Unknown Unknowns #20 - Fulfilling Your Potential
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Unknown Unknowns #20 - Fulfilling Your Potential

I started my second cohort of David Perell's Write of Passage yesterday.  While ostensibly a writing course, the biggest thing I took from the first time I took it, six months ago, was permission.  The permission to express my ideas.  Write for yourself and the right people will find it.  Not everyone will like it, but you're not writing in order to have people read it.

Writing helps you think, helps you reflect.

The more you write, the more insights you will have.  As you write, ideas will start to connect.  Analogies and metaphors will surface, allowing you to explain your ideas better.  They'll also connect more to other ideas, supporting or tangential.  New ideas are either combinations or fractals of ideas.  Writing lets you explore them.

This Week:

I wrote an essay on how expertise is developed.  My conclusion?  Expertise isn't a clear cut skill level and there's only one way toward expertise.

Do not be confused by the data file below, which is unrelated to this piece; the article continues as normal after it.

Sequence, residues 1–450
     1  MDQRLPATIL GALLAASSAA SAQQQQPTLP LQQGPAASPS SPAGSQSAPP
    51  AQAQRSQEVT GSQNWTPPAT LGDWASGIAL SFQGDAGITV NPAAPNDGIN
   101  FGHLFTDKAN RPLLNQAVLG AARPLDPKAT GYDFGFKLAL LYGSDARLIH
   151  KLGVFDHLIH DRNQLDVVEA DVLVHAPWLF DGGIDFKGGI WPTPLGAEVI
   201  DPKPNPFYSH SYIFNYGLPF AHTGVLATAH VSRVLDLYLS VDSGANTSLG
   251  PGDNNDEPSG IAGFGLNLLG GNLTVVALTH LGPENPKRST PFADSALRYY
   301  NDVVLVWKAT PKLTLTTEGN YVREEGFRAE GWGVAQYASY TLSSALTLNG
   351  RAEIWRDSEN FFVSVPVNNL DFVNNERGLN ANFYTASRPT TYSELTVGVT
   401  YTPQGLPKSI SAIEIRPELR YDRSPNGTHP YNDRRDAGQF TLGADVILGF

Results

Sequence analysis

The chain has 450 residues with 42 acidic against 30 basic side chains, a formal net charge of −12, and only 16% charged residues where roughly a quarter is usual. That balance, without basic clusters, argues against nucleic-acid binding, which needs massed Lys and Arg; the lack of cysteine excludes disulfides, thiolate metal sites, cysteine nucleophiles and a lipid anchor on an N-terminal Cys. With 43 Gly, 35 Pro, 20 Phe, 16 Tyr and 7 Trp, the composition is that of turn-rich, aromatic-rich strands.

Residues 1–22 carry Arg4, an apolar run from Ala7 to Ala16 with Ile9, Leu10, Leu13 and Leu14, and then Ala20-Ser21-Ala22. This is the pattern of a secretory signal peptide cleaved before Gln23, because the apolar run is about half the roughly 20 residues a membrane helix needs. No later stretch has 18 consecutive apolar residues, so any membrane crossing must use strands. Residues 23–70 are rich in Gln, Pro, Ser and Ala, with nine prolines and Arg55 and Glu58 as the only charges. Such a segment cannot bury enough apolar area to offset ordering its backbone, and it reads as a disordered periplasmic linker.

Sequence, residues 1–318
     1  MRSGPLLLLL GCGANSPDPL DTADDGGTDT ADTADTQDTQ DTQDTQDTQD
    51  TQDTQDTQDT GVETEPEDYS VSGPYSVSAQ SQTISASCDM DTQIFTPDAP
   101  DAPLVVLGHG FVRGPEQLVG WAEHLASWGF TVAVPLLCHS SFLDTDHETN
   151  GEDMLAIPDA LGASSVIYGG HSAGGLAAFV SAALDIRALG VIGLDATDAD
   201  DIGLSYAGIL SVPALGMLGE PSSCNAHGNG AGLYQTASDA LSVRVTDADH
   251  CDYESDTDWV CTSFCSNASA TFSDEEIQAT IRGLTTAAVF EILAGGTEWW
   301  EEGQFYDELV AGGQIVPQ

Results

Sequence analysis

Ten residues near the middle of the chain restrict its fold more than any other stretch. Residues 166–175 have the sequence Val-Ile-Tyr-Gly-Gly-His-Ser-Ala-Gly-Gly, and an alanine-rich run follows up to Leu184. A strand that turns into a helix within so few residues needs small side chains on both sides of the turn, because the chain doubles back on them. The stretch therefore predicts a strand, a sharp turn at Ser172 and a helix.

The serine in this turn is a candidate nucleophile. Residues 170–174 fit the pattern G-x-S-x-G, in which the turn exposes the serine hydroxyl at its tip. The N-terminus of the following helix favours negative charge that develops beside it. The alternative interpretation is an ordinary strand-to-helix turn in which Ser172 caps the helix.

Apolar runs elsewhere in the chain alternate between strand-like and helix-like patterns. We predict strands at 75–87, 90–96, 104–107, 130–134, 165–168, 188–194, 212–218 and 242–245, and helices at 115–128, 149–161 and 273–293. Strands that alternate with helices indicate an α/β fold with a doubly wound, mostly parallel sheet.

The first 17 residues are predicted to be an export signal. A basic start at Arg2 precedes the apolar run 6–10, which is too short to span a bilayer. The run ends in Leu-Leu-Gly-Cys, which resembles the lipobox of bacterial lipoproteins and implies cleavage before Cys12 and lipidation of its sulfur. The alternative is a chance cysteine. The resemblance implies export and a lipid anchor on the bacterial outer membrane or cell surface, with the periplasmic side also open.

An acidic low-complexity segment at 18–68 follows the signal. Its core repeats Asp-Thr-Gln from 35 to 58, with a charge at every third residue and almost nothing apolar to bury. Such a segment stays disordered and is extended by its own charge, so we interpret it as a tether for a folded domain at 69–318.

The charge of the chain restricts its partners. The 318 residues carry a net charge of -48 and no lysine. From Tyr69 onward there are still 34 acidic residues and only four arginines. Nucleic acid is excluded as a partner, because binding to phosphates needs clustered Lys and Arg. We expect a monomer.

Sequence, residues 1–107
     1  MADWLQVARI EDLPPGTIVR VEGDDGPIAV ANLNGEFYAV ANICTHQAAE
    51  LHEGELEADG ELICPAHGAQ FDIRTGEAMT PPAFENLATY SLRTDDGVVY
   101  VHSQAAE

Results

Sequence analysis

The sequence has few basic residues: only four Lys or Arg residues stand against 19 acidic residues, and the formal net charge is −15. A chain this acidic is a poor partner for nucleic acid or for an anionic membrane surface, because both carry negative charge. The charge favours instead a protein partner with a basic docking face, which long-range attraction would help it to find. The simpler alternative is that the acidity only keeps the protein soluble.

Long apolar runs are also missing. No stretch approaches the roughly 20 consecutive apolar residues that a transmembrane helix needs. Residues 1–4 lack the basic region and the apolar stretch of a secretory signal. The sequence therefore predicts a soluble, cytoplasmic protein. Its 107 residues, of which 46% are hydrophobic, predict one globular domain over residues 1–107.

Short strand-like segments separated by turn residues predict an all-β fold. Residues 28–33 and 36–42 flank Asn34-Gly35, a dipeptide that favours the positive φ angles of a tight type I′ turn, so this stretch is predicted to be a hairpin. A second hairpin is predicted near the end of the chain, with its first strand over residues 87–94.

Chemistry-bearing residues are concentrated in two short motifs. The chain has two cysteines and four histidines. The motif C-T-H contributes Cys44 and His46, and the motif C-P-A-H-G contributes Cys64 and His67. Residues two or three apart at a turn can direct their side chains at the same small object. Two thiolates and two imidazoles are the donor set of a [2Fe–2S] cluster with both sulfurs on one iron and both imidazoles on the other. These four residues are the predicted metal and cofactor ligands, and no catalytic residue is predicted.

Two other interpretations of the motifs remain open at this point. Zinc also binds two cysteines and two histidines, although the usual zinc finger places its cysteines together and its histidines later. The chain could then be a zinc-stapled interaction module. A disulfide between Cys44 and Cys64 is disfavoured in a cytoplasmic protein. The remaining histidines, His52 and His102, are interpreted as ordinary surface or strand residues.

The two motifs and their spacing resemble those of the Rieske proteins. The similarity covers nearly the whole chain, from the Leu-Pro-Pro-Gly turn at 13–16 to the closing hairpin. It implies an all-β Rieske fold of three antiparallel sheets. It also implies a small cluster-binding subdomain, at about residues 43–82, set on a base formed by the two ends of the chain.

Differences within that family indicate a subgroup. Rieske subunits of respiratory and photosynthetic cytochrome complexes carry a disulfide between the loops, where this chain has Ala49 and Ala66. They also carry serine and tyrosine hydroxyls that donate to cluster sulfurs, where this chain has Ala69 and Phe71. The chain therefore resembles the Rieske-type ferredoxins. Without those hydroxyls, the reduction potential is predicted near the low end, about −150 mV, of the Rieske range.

Something Interesting: There’s Nothing More Real Than Your Potential

Lawrence Yeo writes about purpose.  You feel a sense of purpose when you make progress and you feel progress when you feel you are fulfilling your potential.  So his advice is to try things and if you feel that skill is empowering, you're on a purposeful path.

I don't agree 100% with this take.  Do you feel a sense of accomplishment if you progress in something?  Yes.  But can you feel a sense of accomplishment without progress?  Can you feel accomplished while relaxing, or not trying to fulfill a goal?  I would say yes also.  A daily routine can feel empowering and purposeful.  Meditating can feel empowering and purposeful.  Reading the same book again can feel empowering and purposeful.  I think Lawrence's essay is a starting point for thinking about purpose and meaning.

I do like his idea that "there is nothing more real than your potential, even if it can’t be seen or touched."  The abstract can be as real as a tangible object.  But it can be dynamic and reflexive.


Questions, suggestions, complaints?  Email me me at [email protected].  Feedback welcome.

If you enjoyed this newsletter, please share it with a friend or two.  And feel free to send anything you find interesting to me!

Have a great week,

Chris

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